Tim MacMahon of  “Rick Carlisle didn’t like the phrasing of a question about how things have changed in his second season at the helm of the Dallas Mavericks. ‘I don’t like the word ‘comfortable,’‘ Carlisle said. ‘You don’t want to be comfortable. If you’re comfortable, then complacency and things like that can creep in. I think you’ve got to maintain a healthy uncomfortableness every day. You’ve got to have the right kind of mindset to come in every day and try to get better. It’s tough when you’re in a stretch when you’re winning some days, but with a veteran team, we’ve got to challenge ourselves to do that.’ Maintaining that ‘healthy uncomfortableness’ can be tough on a coach’s toes. Jason Terry said the biggest difference in Carlisle this season is that he kicks more tables. Greaseboards and laundry bins have also felt the wrath of Carlisle’s foot when he felt he needed to be a bit more demonstrative to get his point across. ‘This year, he’s getting a lot more comfortable and he’s kicking things,’ Terry said, perhaps using a poor choice of words. ‘He’s got a little bit of Avery in him.’”

K.C. Johnson of the Chicago Tribune:  “If his basketball management career doesn’t pan out, Gar Forman at least proved Tuesday night he could enter politics. Refusing to produce the vote of confidence that isn’t coming for Vinny Del Negro, Forman nevertheless placated those clamoring for Bulls management to break its silence regarding the embattled coach. Speaking before the Bulls’ 104-95 victory over the Pacers at the United Center, Forman said the entire organization is disappointed in the team’s 12-17 record. ‘Vinny is our coach,’ the Bulls’ general manager said. ‘As a management team, we are exploring all options to get better. We expect our coaches to work every day to get this team better. I met with the team and we expect the players to work every day to get better.’ Asked in which area he’d specifically like to see Del Negro improve, Forman demurred. ‘I don’t know if you pin it on one guy,’ Forman said. ‘As a whole, we want to continue to get better defensively. We want to be an up-tempo team that takes advantage of our athleticism.’ Asked if he could commit to Del Negro coaching the remainder of the season, Forman basically declined to comment while commenting.”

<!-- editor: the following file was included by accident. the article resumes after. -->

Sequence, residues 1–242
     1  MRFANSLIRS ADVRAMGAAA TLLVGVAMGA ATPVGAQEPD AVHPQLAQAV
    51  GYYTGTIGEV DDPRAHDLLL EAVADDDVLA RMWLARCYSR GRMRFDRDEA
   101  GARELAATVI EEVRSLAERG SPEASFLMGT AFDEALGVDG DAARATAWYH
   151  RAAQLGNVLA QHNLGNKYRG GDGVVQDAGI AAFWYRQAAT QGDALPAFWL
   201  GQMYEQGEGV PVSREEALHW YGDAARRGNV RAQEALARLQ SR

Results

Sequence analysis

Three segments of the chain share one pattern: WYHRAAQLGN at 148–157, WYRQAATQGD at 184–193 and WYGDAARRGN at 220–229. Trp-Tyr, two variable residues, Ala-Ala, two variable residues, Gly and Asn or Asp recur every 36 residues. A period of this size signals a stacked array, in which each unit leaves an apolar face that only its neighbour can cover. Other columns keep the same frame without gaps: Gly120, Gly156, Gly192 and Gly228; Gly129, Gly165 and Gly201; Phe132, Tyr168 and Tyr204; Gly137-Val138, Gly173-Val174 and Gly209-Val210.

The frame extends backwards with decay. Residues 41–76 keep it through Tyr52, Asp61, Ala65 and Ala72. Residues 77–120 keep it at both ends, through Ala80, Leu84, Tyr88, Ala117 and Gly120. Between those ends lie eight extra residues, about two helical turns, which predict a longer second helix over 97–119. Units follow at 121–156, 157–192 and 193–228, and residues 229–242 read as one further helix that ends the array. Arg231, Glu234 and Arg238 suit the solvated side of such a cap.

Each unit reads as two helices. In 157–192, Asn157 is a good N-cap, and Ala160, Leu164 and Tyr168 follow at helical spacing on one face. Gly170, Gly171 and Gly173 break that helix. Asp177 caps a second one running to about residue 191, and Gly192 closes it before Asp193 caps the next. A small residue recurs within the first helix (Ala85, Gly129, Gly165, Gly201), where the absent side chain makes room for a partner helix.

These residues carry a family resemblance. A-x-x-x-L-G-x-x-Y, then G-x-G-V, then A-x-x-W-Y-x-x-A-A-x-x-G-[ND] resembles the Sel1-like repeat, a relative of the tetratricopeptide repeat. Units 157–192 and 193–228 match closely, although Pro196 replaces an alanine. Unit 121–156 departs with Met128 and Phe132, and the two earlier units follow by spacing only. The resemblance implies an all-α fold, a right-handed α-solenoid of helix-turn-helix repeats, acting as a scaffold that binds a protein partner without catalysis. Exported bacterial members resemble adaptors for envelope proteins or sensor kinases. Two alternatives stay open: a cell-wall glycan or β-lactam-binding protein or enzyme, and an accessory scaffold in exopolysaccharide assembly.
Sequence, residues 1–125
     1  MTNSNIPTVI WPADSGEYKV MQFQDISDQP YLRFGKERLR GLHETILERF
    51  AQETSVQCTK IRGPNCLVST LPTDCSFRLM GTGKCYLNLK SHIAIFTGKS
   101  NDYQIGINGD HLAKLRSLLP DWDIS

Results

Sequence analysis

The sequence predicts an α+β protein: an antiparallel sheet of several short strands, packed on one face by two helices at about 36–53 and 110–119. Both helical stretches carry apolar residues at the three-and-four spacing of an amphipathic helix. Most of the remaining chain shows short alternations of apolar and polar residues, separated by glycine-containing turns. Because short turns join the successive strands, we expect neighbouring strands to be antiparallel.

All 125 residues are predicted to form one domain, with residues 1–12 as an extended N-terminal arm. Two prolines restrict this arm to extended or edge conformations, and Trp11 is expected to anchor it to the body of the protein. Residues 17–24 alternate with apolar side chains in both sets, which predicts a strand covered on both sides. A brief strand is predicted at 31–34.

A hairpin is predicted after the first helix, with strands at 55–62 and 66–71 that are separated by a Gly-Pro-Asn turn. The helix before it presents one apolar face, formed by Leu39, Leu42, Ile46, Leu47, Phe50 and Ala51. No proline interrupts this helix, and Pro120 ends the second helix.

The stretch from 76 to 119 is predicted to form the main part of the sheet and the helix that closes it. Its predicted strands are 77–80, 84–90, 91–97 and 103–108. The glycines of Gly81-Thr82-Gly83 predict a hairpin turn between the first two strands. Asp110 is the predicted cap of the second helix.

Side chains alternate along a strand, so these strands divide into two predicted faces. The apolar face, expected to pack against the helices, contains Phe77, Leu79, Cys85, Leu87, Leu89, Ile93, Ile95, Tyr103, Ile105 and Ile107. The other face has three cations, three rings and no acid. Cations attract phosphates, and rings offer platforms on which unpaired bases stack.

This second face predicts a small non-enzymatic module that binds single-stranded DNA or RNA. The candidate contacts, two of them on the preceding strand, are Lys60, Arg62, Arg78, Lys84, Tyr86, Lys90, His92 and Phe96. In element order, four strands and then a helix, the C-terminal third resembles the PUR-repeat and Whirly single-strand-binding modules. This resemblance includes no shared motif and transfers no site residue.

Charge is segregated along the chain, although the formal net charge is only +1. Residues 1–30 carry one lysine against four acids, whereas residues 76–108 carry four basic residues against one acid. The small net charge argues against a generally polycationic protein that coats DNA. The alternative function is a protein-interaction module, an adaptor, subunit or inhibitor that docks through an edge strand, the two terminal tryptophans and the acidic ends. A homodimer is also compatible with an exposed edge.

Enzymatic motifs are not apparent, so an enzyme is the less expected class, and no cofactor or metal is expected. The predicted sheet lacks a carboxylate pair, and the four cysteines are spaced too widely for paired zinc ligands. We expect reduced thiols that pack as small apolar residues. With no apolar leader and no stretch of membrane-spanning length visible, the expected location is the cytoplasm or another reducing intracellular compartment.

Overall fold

Howard Beck of The New York Times:  “Michael Jordan did not own the N.B.A. over the past 10 years, as he did in the 1990s. But he haunted it, from near and far, in uniform and from the golf course. Whether he was making an ill-fated comeback as a player or making ill-fated moves as a team executive in Washington and in Charlotte, Jordan still ruled from a distance in the decade that spanned 2000 to 2009. Commentators groped to identify his heir. Every great player was compared to him. Every championship team tried to replicate the dominance of Jordan’s Chicago Bulls. The closest facsimile — the Los Angeles Lakers of the early 2000s — won three straight titles with Jordan’s old coach (Phil Jackson) and even some of his old teammates (Ron Harper, Horace Grant). Jordan retired from the Bulls in 1998, but his shadow stuck around for another 12 years. As Jordan said at his Hall of Fame induction in September: ‘You guys have a heavy burden. I wouldn’t want to be you guys if I had to.’ He was speaking to his children, but he could have just as well been addressing Kobe Bryant, Vince Carter, Tracy McGrady, Penny Hardaway, Grant Hill, Allen Iverson and an entire generation of stars who tried to emulate Jordan’s moves, his dominance, his swagger and his corporate prowess.”

(Photo by Joe Murphy NBAE/Getty Images)